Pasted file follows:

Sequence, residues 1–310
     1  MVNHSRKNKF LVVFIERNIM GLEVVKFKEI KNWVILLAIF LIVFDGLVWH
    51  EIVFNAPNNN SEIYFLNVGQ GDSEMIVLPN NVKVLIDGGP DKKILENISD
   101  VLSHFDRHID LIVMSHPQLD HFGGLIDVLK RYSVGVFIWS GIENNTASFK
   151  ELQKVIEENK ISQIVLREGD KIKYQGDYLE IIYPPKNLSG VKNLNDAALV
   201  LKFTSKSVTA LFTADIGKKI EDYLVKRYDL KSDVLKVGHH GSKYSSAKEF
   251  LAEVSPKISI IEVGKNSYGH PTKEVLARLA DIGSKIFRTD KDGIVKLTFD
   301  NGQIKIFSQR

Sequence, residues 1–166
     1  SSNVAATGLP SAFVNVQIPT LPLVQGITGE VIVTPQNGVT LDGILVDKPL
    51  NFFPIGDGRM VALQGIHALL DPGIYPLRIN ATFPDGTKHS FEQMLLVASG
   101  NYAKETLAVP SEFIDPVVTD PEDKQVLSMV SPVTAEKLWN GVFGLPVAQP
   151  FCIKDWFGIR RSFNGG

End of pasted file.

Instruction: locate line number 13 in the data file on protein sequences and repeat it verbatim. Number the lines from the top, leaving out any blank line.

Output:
   151  FCIKDWFGIR RSFNGG